Another thing to keep in mind when beginning a new physical activity is moderation. For example, if you haven’t been doing a certain exercise or activity in awhile or ever, do just 10-20 minutes to start. Then, build onto your time as your body gets used to it. Don’t add a lot of new activities all at once, if something bothers you, then you won’t know which thing caused the issue. Start with one or two things and add more on each day or week. Start with low weights or repetitions and increase slowly. This way, you don’t strain or stress any tissues in excess. Lastly, don’t get worried if you are very sore after starting a new activity. It takes time for the muscles to get used to being used in a new way. Soreness is a good sign that you worked the muscles well.
Make it personal!
Whether you are beginning a new physical routine or continuing a previous one, injuries can occur. The best way to treat an injury, is prevent it from happening in the first place. Having a professional, such as a physical therapist, evaluate your movement could do just that! Here at Functional Performance Center, we can analyze your movement, to determine areas that may need more mobility or strength. Then, we can create a plan to address any findings, that is personalized to you! We look forward to helping you in 2020. Happy new year to all!
Let’s get active!
Why you should care!
Have you ever finished a workout and felt great! Then, hours later or the next day you are so sore it’s hard to move? Did you know there is a term for this feeling? It’s called delayed onset muscle soreness. Although it isn’t fun to have, it is a good indicator that you worked your muscles really hard, which is good for your strength. If there were a way to reduce this problem before it started, wouldn’t you want to know about it? Well, there is something that can help!
What can foam rolling do?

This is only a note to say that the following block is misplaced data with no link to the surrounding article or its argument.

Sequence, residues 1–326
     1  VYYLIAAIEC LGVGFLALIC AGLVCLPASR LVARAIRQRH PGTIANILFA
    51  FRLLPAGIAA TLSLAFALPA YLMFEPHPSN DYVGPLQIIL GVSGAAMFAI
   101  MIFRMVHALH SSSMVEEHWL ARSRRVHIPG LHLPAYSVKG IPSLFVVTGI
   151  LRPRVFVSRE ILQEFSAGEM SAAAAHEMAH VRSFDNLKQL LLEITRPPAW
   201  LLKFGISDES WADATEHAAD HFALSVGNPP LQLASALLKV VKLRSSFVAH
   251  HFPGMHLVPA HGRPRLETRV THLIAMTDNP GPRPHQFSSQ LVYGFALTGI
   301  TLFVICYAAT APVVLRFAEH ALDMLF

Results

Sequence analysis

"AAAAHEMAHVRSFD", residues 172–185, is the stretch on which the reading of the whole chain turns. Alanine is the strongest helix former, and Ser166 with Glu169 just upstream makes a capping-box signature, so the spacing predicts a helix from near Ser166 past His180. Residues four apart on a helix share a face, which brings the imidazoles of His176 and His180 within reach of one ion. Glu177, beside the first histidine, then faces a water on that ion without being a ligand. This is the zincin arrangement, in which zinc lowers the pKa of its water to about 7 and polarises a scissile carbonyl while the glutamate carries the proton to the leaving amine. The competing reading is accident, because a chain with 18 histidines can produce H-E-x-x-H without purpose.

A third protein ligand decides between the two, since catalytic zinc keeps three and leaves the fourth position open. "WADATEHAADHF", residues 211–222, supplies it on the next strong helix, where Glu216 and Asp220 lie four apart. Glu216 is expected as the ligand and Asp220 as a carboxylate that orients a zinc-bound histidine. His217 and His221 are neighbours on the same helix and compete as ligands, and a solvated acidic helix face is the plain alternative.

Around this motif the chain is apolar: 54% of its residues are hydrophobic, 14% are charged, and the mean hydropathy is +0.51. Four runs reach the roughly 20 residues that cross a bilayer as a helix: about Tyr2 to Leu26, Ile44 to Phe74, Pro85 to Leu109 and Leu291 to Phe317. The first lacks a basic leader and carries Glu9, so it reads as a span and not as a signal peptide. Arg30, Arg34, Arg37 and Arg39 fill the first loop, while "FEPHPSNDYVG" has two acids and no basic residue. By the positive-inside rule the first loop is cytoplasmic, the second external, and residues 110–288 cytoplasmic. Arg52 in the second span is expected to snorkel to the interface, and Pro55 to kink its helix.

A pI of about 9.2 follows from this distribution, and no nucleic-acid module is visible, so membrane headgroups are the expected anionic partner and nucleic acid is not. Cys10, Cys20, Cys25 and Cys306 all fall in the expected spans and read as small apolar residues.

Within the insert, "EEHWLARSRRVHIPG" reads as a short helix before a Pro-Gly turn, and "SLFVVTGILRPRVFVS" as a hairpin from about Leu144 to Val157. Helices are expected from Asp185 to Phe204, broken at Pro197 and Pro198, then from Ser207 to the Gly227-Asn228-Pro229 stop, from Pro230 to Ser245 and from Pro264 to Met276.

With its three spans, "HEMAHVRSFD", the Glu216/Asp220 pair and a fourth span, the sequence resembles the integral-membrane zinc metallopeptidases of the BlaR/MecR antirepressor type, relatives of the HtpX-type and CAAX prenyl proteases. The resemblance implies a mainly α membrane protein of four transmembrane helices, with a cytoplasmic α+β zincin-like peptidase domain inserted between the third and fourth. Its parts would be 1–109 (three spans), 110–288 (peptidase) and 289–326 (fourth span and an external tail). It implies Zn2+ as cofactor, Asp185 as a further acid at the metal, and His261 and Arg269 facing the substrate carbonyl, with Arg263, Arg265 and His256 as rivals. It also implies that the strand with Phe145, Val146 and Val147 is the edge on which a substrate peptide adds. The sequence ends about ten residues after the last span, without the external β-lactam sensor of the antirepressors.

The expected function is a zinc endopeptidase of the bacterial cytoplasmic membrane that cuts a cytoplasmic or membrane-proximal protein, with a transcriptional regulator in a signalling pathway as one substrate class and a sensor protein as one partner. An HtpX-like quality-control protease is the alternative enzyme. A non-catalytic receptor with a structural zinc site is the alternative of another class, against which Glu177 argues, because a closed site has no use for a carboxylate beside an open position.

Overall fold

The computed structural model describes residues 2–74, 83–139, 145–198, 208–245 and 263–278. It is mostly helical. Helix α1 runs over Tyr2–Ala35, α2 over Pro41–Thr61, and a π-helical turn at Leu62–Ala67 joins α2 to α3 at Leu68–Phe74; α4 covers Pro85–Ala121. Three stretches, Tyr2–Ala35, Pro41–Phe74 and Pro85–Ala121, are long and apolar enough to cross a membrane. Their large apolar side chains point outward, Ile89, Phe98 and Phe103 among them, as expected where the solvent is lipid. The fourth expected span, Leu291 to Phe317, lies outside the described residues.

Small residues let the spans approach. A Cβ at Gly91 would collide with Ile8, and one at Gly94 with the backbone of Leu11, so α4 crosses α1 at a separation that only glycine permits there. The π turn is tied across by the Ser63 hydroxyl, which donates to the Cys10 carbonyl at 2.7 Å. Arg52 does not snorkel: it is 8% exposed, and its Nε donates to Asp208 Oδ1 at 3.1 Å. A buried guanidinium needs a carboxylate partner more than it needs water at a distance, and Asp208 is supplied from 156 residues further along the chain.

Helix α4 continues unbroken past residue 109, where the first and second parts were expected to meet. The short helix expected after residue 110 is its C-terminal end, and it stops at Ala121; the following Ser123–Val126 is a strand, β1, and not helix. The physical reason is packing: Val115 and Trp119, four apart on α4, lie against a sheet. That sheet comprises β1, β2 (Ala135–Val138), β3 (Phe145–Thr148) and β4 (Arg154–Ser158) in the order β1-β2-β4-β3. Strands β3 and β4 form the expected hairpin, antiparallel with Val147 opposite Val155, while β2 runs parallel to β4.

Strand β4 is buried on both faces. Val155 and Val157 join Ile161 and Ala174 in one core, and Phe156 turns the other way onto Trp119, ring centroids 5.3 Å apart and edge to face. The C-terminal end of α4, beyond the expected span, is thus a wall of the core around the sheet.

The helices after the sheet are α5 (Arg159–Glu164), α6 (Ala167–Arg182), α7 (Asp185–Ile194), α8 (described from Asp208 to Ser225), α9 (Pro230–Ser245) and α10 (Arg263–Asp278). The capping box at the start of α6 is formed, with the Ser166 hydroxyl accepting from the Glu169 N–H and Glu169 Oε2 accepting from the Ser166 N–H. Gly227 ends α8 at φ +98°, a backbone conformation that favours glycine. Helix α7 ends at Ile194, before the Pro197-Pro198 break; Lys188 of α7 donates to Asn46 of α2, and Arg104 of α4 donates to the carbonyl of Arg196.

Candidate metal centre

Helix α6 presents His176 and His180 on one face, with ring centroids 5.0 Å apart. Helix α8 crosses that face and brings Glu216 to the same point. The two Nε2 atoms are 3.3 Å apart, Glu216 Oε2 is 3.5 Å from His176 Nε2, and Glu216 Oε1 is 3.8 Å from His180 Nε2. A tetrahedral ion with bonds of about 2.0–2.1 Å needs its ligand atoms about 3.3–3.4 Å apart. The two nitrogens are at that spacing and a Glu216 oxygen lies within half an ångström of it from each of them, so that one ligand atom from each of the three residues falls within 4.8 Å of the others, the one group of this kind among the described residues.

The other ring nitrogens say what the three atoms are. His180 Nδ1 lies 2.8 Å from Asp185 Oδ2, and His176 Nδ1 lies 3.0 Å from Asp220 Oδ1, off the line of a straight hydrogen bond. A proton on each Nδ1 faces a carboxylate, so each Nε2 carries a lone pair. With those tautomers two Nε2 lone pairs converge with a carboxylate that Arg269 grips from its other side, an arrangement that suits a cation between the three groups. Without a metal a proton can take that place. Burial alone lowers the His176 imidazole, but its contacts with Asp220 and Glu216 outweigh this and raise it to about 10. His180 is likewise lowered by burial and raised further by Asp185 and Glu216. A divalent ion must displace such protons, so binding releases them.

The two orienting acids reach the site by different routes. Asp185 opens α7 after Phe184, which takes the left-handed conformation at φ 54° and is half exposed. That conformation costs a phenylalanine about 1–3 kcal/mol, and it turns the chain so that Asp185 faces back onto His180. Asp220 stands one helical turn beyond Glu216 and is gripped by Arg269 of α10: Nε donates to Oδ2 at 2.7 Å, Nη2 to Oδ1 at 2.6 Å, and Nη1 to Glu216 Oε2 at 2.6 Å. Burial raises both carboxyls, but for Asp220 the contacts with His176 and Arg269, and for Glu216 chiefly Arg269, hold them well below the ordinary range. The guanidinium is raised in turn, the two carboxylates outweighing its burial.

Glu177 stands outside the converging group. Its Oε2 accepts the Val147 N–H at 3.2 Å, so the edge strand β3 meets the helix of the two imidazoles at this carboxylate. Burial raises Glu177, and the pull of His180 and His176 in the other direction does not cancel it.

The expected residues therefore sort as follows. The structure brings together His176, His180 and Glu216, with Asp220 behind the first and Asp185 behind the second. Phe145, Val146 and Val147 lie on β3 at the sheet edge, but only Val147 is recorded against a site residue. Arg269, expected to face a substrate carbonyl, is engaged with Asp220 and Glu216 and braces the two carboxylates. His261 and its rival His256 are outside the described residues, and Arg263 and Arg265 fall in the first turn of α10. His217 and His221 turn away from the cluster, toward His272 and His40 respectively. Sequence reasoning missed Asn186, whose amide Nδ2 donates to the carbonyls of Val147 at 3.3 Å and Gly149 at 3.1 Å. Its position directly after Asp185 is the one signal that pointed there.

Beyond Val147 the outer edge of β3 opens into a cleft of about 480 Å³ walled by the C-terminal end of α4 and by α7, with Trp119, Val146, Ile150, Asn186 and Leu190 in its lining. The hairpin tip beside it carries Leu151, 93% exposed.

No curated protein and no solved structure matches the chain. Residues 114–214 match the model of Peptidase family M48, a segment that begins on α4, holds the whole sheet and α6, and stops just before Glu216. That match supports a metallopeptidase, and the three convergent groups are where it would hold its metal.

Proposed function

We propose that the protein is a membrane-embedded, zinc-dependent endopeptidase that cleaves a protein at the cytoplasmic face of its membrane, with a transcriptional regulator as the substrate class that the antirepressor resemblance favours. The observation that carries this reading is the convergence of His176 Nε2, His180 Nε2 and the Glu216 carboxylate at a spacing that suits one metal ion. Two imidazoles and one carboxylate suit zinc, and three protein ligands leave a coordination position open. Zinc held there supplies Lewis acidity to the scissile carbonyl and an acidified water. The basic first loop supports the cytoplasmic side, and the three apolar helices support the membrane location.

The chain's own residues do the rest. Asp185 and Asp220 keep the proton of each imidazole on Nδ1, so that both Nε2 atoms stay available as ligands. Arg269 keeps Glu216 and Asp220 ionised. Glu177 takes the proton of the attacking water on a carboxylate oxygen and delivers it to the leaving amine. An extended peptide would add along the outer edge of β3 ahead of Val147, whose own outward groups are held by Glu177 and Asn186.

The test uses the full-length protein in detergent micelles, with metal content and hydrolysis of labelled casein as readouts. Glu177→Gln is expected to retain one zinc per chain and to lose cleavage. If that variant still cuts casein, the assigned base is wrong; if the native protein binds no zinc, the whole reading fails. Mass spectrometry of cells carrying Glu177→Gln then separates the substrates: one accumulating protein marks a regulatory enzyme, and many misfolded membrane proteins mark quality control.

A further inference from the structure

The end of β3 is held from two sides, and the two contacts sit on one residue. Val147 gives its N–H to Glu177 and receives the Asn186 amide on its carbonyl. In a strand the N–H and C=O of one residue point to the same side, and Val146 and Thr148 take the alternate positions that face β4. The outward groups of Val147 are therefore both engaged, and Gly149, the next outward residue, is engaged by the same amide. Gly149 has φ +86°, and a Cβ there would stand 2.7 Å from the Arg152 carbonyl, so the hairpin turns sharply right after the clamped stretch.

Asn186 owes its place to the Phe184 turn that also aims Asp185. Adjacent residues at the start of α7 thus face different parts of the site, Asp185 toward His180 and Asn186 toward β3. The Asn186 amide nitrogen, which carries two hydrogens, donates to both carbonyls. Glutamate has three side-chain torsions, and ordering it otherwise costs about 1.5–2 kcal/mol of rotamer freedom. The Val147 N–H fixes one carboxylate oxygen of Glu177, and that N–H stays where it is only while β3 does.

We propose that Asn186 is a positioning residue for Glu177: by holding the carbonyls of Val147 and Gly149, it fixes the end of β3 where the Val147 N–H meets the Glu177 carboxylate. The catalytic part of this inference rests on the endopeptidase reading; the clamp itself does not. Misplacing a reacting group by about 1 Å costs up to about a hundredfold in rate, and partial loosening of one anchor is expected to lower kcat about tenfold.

Foam rolling has been shown to effectively reduce delayed onset muscle soreness. In multiple studies foam rolling after bouts of physical activity, reduced muscle soreness and improved passive and dynamic range of motion. Meaning muscles didn’t get as tight! This happened because foam rolling affected the neural responses in connective tissues. Want to learn how to foam roll yet?
What to do next?
Below are some basic foam rolling techniques to use after a workout or physically demanding activity, such as house or yard work. If you find that these are helpful, let us know! If you feel you may benefit from a full evaluation to determine a more personalized routine, contact us to set up an appointment today!
Why is this important?
Do you enjoy playing sports such as golf, baseball, tennis, or racquetball? If you do, you may have had a time you didn’t perform as well as you wanted. But, you are unsure how to improve other than playing more often. Or, maybe, you experienced pain during or after you played. Low back pain is common in swinging sports. One study found that low back pain was the most commonly occurring injury in golf, with up to 36% of golfers experiencing it. Whether you have or haven’t experienced this, the information below could help you!
How the hips work
In any sport, there are many moving parts, which all must come together correctly to have success. For example, if you are swinging a golf club or a bat, not only do you have to transfer your weight from one leg to the other, you have to stabilize your trunk while you rotate, and all of this is to bring your upper body and arms through smoothly to make contact with the ball. This sounds like a lot, because it is a lot! And, at any given point during that motion something can go wrong, causing failure and possible injury. One such area, which was previously mentioned is the low back. There are several ways to address this type of pain. One of those, is to address why the back was injured in the first place, and correct that error.
What you can do
In physical therapy, we specialize in the area of examining and evaluating movement. We do this to find what areas are moving to little or too much, and which muscle groups require more strength to improve or maintain such motions. For example, if your hip mobility is limited on one side or both, this can lead to over rotation through the lumbar spine, which is a contributor to back pain. The stretches and exercises below are the beginning of a much larger program to improve functional mobility and strength throughout the body. If you, or someone you know, has had problems in the past with an injury, or recently sustained one, please contact our office and set up an appointment to be evaluated!